I enjoy the poker hand analyses published in a leading poker magazine, including the writer’s perceptions of the players’ likely reasoning as they played their hands.
It was the final table with six remaining players vying for the top award. In this hand, the blinds were 4Y-8Y with a 1Y ante (where Y is 100,000), the button raised to 16Y with Ah-Kh in the hole. The Small Blind (SB) responded with a re-raise to 34Y. Then, the button went all-in for a total of 89Y; and was called by the SB.
Here’s the point: The SB held A-7 offsuit. Had he taken the trouble to learn the Hold’em Algorithm (see GT ad) he would have realized he had only 23 points; whereas, the Algorithm requires 25 points from an early position. Without hesitation, he should have mucked that hand before the flop.
Furthermore, I surmise the SB was not aware of the Hold’em Caveat that encourages folding marginal drawing hands unless there are no raises and it is a multi-way pot.
In this case, even if he regarded the A-7 as a marginal hand, the Button had made a raise (and soon after, went all-in); plus there was just one opponent staying to see the flop. Besides, you don’t have to know the Hold’em Caveat to realize the cost-to-play with A-7 offsuit, was much too high to warrant risking a major tournament win!
The SB was just giving away his chips. Fortunately for him, he had started the hand with considerably more chips than the Button. Still, that hand cost him almost 40 percent of his chips. No one can afford that kind of loss very often. It’s almost impossible to survive playing that way.
Shortly after that hand, that player was knocked out of the tournament, finishing in fifth place. (He was lucky to finish in the money for a princely sum of money – even though he had started that day with the chip lead among the six players at the final table.)
Pot odds vs. card odds: The writer of this hand analysis seemed to be trying to make an excuse for how poorly (in my opinion) the SB played that hand. The writer commented that the SB was getting 2.5-to-1 pot odds when he called the Button’s all-in bet. But there is no mention of the SB’s card odds.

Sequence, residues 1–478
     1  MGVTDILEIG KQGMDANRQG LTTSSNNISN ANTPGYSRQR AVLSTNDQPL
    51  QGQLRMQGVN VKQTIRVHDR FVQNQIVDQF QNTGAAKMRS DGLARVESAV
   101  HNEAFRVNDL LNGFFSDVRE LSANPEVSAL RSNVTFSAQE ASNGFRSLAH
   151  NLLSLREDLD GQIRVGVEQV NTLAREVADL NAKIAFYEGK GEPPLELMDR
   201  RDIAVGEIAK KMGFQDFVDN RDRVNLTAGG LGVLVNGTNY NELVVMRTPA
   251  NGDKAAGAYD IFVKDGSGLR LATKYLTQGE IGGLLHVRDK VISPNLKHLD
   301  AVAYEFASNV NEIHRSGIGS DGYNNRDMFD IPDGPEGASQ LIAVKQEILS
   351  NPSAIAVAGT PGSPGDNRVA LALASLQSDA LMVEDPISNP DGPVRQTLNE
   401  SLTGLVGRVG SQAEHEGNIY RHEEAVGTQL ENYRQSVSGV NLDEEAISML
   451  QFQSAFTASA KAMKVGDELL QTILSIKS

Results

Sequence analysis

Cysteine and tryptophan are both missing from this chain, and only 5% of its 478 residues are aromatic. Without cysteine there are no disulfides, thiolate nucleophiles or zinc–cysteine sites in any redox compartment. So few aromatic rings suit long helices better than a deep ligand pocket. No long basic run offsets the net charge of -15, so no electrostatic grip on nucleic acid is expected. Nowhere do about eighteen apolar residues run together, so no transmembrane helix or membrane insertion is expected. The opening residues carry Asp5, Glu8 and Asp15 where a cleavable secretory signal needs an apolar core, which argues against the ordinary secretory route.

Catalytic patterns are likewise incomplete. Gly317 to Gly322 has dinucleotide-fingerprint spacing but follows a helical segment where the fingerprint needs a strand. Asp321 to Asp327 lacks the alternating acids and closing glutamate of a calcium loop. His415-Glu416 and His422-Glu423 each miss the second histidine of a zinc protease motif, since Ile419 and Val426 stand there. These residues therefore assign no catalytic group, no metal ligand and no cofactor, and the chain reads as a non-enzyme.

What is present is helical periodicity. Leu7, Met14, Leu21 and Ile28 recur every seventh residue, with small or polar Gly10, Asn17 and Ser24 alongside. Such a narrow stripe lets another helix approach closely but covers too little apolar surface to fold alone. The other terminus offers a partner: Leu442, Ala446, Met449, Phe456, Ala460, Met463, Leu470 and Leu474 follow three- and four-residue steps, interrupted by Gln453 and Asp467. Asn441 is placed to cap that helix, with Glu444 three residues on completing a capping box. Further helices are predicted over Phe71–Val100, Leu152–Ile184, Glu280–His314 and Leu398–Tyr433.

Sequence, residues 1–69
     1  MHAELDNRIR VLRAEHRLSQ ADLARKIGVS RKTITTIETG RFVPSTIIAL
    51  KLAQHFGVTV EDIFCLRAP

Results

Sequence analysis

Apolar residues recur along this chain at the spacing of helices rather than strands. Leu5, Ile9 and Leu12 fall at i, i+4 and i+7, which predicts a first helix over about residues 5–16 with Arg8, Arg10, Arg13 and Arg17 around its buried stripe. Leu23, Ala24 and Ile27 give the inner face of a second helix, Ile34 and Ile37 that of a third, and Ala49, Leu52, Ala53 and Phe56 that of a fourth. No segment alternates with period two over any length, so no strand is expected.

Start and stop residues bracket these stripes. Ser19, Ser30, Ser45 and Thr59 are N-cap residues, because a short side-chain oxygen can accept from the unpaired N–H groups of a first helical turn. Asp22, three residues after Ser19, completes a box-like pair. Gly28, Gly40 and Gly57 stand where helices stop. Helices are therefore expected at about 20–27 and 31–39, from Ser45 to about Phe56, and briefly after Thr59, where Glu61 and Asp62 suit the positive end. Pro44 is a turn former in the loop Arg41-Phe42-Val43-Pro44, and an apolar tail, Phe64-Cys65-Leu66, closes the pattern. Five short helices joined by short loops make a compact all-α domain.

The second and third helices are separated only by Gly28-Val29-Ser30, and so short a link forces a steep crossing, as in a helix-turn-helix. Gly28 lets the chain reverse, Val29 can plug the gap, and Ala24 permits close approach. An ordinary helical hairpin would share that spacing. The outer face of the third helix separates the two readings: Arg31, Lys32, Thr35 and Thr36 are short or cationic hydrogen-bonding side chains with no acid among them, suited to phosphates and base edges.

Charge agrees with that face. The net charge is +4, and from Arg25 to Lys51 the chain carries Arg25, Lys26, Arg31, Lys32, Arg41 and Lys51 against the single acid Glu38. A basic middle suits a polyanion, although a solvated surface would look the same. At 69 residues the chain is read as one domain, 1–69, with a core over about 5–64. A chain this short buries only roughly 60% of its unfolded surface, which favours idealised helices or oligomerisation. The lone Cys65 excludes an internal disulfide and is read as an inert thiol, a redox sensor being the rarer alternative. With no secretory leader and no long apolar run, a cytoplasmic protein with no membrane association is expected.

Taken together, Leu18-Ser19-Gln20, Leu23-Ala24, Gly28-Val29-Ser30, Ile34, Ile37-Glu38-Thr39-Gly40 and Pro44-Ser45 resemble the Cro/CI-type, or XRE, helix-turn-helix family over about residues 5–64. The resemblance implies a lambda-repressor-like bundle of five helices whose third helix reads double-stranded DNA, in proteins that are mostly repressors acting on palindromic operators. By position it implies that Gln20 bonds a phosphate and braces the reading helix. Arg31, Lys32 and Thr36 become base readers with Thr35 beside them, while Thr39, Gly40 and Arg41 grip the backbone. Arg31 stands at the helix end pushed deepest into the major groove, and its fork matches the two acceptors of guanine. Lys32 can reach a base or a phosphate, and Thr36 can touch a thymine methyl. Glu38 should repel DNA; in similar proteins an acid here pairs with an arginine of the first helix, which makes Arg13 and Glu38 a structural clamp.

I thought everyone knows the pot odds must be higher than your card odds to warrant a call; otherwise you have a Negative Expectation – a poor investment. And, at the final table of one of poker’s most prestigious tournaments, wouldn’t you expect the SB to exercise more caution against an opponent who is raising and re-raising?
Consider that the odds against the SB improving his hand to a pair of Aces on the flop were substantially higher than 2.5-to-1. What’s more, with all the raising by the Button, didn’t the SB consider his opponent might be holding a better Ace in the hole?
As for his 7 kicker, it’s really a “rag.” The SB could just as easily have paired his 7; and then there were so many combinations his opponent could hold that would demolish his pair of 7s. (Didn’t he consider the range of hands his opponent might hold?) More likely, the SB would not improve at all on the flop. Then what? (As it turned out, the board did not help either player; so the Button’s King kicker took the pot!)
In summary: I must admit I don’t think very highly of any player – whether in a limit cash game or a no-limit tournament – who calls all raises with A-rag. I go by the old adage: “The chips you save by not losing are just as valuable as those you win.”
Furthermore, playing his hand in this (reckless?) fashion, I must wonder how that player in the SB was able to make it all the way to final table of that tournament.
“The Engineer,” a noted author and teacher in Greater Los Angeles, is a member of the Seniors Poker Hall of Fame. Contact George at [email protected].